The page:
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Indexed/Abstracted in: Chemical Abstracts, CINAHL, Current Contents/Clinical Medicine, EMBASE, PubMed/MEDLINE, Science Citation Index Expanded (SciSearch), Scopus
Impact Factor 1,111
Online ISSN 1827-1928
EXERCISE PHYSIOLOGY AND BIOMECHANICS
Legaz-Arrese A. 1, Kinfu H. 2, Munguía-Izquierdo D. 3, Carranza-Garcia L. E. 1, Calderón F. J. 4
1 Section of Physical Education and Sports, University of Zaragoza, Zaragoza, Spain;
2 Physiology Laboratory of the Addis Ababa University, Addis Ababa, Ethiopia;
3 Section of Physical Education and Sports, University Pablo de Olavide, Seville, Spain;
4 Section of Physical Education and Sports, Polytechnic University of Madrid, Madrid, Spain
AIM: The aim of this study was to determine if possible, with the resources available in Ethiopia, to make significant associations between racing performance and laboratory physiological test results in elite young African runners.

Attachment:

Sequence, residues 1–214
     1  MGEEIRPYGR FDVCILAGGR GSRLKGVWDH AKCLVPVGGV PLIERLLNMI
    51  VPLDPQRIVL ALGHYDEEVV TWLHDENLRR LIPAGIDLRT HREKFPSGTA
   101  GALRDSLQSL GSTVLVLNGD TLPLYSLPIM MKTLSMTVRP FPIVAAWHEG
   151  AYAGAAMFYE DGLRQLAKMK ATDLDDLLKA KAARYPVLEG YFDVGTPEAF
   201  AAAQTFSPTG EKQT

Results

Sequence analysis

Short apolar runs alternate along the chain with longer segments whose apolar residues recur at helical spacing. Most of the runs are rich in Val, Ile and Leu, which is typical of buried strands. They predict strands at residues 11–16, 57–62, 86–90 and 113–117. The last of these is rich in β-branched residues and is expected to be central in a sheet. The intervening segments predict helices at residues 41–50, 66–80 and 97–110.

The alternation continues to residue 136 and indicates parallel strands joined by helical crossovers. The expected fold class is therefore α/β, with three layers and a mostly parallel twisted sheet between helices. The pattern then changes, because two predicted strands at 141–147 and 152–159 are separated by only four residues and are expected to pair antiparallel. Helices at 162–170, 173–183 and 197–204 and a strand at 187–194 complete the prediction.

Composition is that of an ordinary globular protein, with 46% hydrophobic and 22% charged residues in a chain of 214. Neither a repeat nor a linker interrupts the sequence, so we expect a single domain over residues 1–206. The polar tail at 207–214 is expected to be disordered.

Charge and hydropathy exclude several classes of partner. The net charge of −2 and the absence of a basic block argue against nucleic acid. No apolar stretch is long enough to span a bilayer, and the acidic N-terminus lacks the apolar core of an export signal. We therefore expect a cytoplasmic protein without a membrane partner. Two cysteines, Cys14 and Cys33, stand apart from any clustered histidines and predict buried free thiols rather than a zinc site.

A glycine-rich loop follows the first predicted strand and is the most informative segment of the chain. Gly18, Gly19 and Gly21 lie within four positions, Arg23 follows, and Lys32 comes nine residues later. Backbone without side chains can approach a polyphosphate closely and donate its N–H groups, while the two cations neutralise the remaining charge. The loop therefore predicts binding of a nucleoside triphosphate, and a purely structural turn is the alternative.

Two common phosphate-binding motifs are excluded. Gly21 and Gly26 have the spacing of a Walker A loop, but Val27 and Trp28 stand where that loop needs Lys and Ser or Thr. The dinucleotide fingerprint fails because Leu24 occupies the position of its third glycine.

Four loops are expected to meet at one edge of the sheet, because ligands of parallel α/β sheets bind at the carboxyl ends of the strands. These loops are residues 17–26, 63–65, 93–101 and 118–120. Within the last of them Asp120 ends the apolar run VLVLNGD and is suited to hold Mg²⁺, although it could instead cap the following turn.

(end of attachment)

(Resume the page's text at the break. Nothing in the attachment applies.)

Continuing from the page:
METHODS: Twenty-four young Ethiopian runners (12 males and 12 females) attended the physiology laboratory of the Addis Ababa University, where skin fold thickness, basic resting pulmonary function and heart rate (HR) during an incremental treadmill exercise test were recorded a week before or a week after two official 800 and 1500 meter races. Performance was rated according to the scoring procedures of the International Association of Athletics Federations (IAAF): male runners (1041, CV=4.1%), female (1051, CV=2.8%).
RESULTS:The sum of four skin folds was significantly correlated with male (r=-0.80, P<0.01) and female IAAF score (r= -0.78, P<0.01). IAAF score was also related to forced vital capacity (male: r=0.70, P<0.05; female: r=0.85, P<0.01) and forced expiratory volume in 1 s (male: r=0.63, P<0.05; female: r=0.80, P<0.01). For both sexes, HR at a fixed submaximal exercise workload was significantly associated with IAAF score. In both male and female runners, the more significant association was observed for a treadmill slope of 7.5% (r=-0.93, P<0.01; r= -0.95, P<0.01, respectively).
CONCLUSIONS: These results show that basic physiological measures are useful in measuring fitness and in predicting middle-distance running performance in a homogeneous group of elite young male and female Ethiopian runners.